Elsewhere in the interview, Lewis said he thought Trump was the worst president on civil rights since the '60s.
(After Lewis said in 2017 that he wouldn't attend Trump's inauguration because Trump wasn't a "legitimate president," Trump shot back by accusing Lewis' congressional district of being "in horrible shape" and "crime infested.")
Speaking with New York, Lewis, who protested with friend and mentor Martin Luther King Jr. throughout the '60s, talked about the current unrest around the country and reflected on what he felt were important values for making change.
"We must never ever give up, or give in, or throw in the towel. We must continue to press on! And be prepared to do what we can to help educate people, to motivate people, to inspire people to stay engaged, to stay involved, and to not lose their sense of hope," said Lewis, who in 2016 drew some controversy for tweeting in the wake of a sniper attack on Dallas police that he "never hated" the officers who beat him while he protested, a comment that has resurfaced amid the latest protests.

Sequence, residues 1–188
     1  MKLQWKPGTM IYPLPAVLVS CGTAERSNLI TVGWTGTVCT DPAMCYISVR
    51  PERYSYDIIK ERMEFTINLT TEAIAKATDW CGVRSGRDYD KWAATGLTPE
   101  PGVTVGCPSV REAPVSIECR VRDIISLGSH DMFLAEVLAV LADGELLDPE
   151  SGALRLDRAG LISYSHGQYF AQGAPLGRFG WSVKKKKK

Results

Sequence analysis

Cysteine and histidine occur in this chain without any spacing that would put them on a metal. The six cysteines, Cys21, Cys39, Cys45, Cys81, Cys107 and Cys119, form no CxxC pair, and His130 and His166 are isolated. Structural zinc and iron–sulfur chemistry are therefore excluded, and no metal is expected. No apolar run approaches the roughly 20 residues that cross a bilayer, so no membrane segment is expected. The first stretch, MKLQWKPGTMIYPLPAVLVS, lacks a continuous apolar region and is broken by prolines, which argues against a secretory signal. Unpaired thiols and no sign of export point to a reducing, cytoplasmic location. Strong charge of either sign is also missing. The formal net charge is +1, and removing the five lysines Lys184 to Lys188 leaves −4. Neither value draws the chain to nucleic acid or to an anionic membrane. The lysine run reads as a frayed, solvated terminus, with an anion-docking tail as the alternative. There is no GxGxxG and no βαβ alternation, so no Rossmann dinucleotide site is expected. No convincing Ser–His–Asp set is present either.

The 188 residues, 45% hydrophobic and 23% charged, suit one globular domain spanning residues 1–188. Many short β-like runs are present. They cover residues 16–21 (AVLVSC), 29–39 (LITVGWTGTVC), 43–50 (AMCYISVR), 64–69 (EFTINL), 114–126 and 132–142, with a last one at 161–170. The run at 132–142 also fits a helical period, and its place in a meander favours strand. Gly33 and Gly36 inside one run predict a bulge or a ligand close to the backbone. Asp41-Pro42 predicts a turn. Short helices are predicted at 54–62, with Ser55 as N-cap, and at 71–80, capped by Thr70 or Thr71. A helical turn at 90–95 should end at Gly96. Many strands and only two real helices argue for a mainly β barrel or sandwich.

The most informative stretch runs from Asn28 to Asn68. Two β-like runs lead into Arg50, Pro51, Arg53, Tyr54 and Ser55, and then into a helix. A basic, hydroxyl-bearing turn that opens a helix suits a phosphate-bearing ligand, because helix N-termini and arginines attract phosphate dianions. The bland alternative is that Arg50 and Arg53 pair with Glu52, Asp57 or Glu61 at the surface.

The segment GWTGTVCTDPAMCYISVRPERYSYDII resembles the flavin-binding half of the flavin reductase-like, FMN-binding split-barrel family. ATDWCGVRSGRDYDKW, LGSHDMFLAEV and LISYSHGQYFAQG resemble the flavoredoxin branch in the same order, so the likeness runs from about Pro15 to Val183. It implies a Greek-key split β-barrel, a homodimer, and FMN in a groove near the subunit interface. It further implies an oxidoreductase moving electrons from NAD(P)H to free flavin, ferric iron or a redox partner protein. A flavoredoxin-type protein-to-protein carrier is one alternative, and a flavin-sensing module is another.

"We must continue to say we’re one people," Lewis told New York. "We’re one family. We all live in the same house."
"Of course, officers of the law didn’t have a right to abuse other people’s right," he said later in the interview. "You have to be human."
Speaking with CBS This Morning last week, he praised the Floyd demonstrators
“It was very moving, very moving to see hundreds of thousands of people from all over America and around the world take to the streets — to speak up, to speak out," he said then, "to get into what I call 'good trouble.' ”
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